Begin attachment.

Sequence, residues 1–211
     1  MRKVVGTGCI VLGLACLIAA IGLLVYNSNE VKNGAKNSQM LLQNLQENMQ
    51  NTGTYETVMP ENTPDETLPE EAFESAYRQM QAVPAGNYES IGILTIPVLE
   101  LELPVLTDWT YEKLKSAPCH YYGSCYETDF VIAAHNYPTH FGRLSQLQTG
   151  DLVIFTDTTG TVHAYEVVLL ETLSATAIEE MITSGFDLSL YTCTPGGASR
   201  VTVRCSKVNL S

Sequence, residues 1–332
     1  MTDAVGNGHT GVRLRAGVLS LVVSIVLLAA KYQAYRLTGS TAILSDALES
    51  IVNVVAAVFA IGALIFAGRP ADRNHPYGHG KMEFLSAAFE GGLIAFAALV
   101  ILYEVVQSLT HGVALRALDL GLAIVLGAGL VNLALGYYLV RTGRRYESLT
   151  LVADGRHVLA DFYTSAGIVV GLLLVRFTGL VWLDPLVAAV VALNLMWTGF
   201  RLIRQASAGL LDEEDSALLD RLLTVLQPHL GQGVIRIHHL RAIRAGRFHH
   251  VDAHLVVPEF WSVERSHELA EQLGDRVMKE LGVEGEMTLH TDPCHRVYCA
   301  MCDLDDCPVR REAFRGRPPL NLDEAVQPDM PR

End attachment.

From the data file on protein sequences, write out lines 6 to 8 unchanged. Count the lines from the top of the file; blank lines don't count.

   201  VTVRCSKVNL S

Sequence, residues 1–332
     1  MTDAVGNGHT GVRLRAGVLS LVVSIVLLAA KYQAYRLTGS TAILSDALES